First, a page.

Gibson Les Paul Standard '50s

It's been a long time since I posted any new updates to my photography guitar series. But my new Les Paul was certainly going to break that silence. I don't get new guitars very often (the last one was over 10 years ago) and it's good to shoot these things before the guitar gets its share of scratches and dings. Still, I didn't get on it right away because I've been more motivated to play it than shoot it. But here it is, along with my candid thoughts about the guitar, although I have to warn you that I'm still in the honeymoon period with her.

This is a 2021 Gibson Les Paul Standard '50s. It's part of Gibson USA's "Original Collection", which is their newly-conceived product line that "honors their heritage" by including the most important aspects of vintage Gibsons, while not being spare-no-expense reproductions of them. (The Gibson Custom Shop addresses that market very ably.)

In other words, the Original Collection serves up exactly what I was looking for – it sticks as close to the vintage formula as possible, while still building to a more reasonable price point and using modern production methods. Philosophically, that's what I think a "standard" product should be – a stable model in the product line that reliably delivers the time-tested features that buyers want. Not a platform for questionable experiments, which is what the Les Paul Standard had morph into under the previous regime. To that end, the Standard '50s has a solid mahogany body with a 2-piece AA maple top, mahogany neck, rosewood fretboard with a 12" radius, trapezoid inlays, ABR-1 tune-o-matic bridge and stop bar tailpiece, vintage-output Burstbucker pickups, nitrocellulose lacquer finish, vintage-style tuners, and hand-wired guts with two volume and two tone controls and a 3-way pickup switch. Other period-correct details are a fully-solid body with no weight relief and a 17° angle on the headstock. The '50s model differs from its '60s model sibling in the Original Collection by having a fatter neck profile, Kluson-style tuners with pearloid keystone buttons, gold top hat knobs, and Alnico II-based Burstbucker 1 (neck) and 2 (bridge) pickups. It pretty much looks the part of a late '50s Les Paul.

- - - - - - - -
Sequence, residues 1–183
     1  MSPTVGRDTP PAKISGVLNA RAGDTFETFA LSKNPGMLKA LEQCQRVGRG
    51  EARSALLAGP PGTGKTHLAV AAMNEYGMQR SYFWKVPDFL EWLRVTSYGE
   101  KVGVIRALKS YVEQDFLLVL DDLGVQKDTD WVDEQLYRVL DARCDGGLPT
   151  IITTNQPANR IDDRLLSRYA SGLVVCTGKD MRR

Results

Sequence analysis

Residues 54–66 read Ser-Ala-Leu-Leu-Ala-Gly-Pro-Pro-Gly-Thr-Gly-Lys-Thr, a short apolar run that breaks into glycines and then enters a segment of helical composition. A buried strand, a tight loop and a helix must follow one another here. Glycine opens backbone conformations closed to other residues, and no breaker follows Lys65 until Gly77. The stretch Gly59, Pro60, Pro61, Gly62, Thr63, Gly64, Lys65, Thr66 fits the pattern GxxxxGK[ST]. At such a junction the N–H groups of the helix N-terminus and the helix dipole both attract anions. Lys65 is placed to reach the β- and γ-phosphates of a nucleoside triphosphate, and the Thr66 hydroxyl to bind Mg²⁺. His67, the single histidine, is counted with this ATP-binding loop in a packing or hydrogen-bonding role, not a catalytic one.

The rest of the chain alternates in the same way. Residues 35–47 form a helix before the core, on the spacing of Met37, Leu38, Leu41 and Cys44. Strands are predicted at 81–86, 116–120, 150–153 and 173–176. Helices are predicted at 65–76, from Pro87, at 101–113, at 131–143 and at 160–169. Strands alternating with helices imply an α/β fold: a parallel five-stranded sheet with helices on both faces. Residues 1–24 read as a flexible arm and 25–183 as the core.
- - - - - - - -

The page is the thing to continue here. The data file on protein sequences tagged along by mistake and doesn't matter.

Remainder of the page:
The only things I would have liked to have seen on this model are a long tenon neck, '50s style wiring, and bridge posts that mount directly into the wood instead of Nashville-style metal bushings. But Gibson was building to a price point and had to draw the line somewhere. Besides, you can always buy a Custom Shop guitar if the production line guitar doesn't have every period-correct detail that you want.

The finish is very nicely applied with a paler shade of yellow and a more transparent red than you often see on modern cherry sunburst guitars. The transition from yellow to red is a very artful gradient, not at all clown-bursty. The figuring in the maple is nice and 3D looking but varies dramatically depending on the angle of light, including disappearing altogether! Like a Hollywood actor, some angles are more flattering than others. Which is why it's not considered a AAA top. I carefully shot most my photos to maximize the flame effect (I also make my kids comb their hair before I photograph them), and it's not quite this dazzling in most normal lighting situations. But it is very pretty. And light! Only 8.9 lbs, which is fairly svelte as modern USA Les Pauls with no weight relief go.

The guitar gives an overall impression of solidity. It just feels solid and well put together. I've pored over it in quite a bit of detail, trying to summon my OCD superpowers. The inlays are straight and there is no gap-filling epoxy. The pickups are mounted squarely in the rings. The tuners have a nice, easy, but controlled action with no free play. The nut is cut correctly, with nicely rounded ends, and the binding nibs are executed well. The control cavity is tidy with good solder joints, although it really ought to be fully shielded. (One day, after the warranty has expired and I'm feeling particularly productive, I'll probably do it myself.) The only issues I found on this guitar were a couple of small cosmetic blemishes in the neck binding – one nick from fret shaping, a very slight ledge at the neck/body joint, and a small area of orange peel on the underside binding near the nut. Candidly, a lot of people would not even be able to spot these. On the whole, a respectable job that shows more attention to detail than I've seen on a lot of Les Pauls over the years. I hope this guitar is representative of current Gibson USA production quality.